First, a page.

Volume 93, Issue 1

Friday, May 14, 1999


ARTS AND ENTERTAINMENT

Hale an OK author

New Mummy movie is a tightly wrapped package

One step forward, two steps back

The Cranberries sour in Toronto

Soundtracks to summer

New Mummy movie is a tightly wrapped package




Photo by Keith Hamshere

YOU KNOW, A LITTLE NOXEMA WILL CLEAR THAT RIGHT UP. Brendan Fraser faces a crusty villain in his new action adventure, The Mummy.



By Luke Rundle
Gazette Staff



It's almost guaranteed to happen to someone. Turned away by the snotty 15 year-old ticket agent for The Phantom Menace, audiences will need to have their thirst for action, adventure and a little bit of special effects wizardry sated. The Mummy will definitely hit the spot and hit it well.

Brendan Fraser stars as Rick O'Connell, a swashbuckling Legionnaire who leads an expedition to the sacred city of Hamunaptra, rumoured to contain all the wealth of the Egyptian pharaohs. Under its sands, however, Hamunaptra also contains the mummy of an Egyptian high priest, forever accursed to a burial worse than death and capable of ultimate evil power if ever awakened.

Of course, the foreseeable awakening occurs and Fraser must rescue the heroine and thwart the villain, making sardonic quips all the while. Thankfully, Fraser is an accomplished and talented actor who can make these multiple duties seem natural and unforced. Modeled after Harrison Ford's Indiana Jones, Fraser's character manages to remain heroic without bringing along the usual caboose of sappiness action stars rarely drop by the wayside. Fraser is no match for Ford, the action/comedy master, but does a fine job nonetheless.

The rest of the movie's cast, however, garners only mixed reviews. Rachel Weisz plays Evelyn, the continually rescued heroine. She does a passable job with a part which calls for her to decipher hieroglyphics as well as look Revlon-tastic in 1920s Egypt. Unfortunately, her bubbly, half-witted demeanour seems better suited to a high school comedy. As well, Jonathan Hyde as an Egyptologist does little on screen, save for clutching a sacred book of incantations and seems to exist only for victim status. On the other end of the casting scale, Sliding Doors' John Hannah is tremendous as Evelyn's brother Jonathan, bringing new energy to the overdone character of a drunk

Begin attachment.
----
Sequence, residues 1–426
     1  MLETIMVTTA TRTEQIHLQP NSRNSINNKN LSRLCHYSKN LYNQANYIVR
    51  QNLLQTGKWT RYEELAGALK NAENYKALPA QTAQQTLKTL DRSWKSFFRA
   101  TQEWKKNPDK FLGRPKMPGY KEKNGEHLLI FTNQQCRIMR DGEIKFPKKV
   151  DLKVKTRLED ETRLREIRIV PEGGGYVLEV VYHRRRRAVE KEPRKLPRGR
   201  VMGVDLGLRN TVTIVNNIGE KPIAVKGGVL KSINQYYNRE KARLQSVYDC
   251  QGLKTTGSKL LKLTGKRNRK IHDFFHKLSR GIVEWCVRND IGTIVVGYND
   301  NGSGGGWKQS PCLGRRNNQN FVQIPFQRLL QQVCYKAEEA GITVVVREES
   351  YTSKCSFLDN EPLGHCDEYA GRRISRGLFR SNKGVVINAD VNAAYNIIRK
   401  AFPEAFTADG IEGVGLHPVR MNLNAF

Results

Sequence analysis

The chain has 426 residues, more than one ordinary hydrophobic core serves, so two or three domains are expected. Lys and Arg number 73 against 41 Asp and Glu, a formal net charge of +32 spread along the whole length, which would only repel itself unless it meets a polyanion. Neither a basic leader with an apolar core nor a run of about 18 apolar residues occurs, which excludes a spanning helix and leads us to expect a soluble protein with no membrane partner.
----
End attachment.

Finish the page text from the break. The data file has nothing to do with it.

As with any adventure/horror type movie, the best performances are turned in by the villains. Aided by the incredible Industrial Light and Magic special effects team, Arnold Vosloo takes on the task of the first movie mummy without bandages quite well. Together with his cowardly human toady, Beni (played by consummate lackey Kevin O'Connor), the two manage to impart the 10 plagues of the Bible on Egypt in full force.

The real stars of this movie, however, are the ILM special effects team, many of whom pulled double duty across the hall on the Star Wars project. Besides gradually morphing the resurrected mummy from a walking skeleton to a fully fleshed out monster, the ILM team accomplished more effects than popsicle stick-wielding adults at a sand castle building contest.

In the end, The Mummy works for a simple reason. Audiences nowadays have hit a trend where they want a compelling story along with visual gratification. Hating special effects extravaganzas which are devoid of plot and character, like last summer's bust Godzilla, is as much a part of maturation as learning to appreciate the vegetables which accompany one's dinner. So if you get denied for The Phantom Menace at the box office, check out The Mummy.


To Contact The Arts and Entertainment Department:
gazette.entertainment@julian.uwo.ca

Copyright The Gazette 1999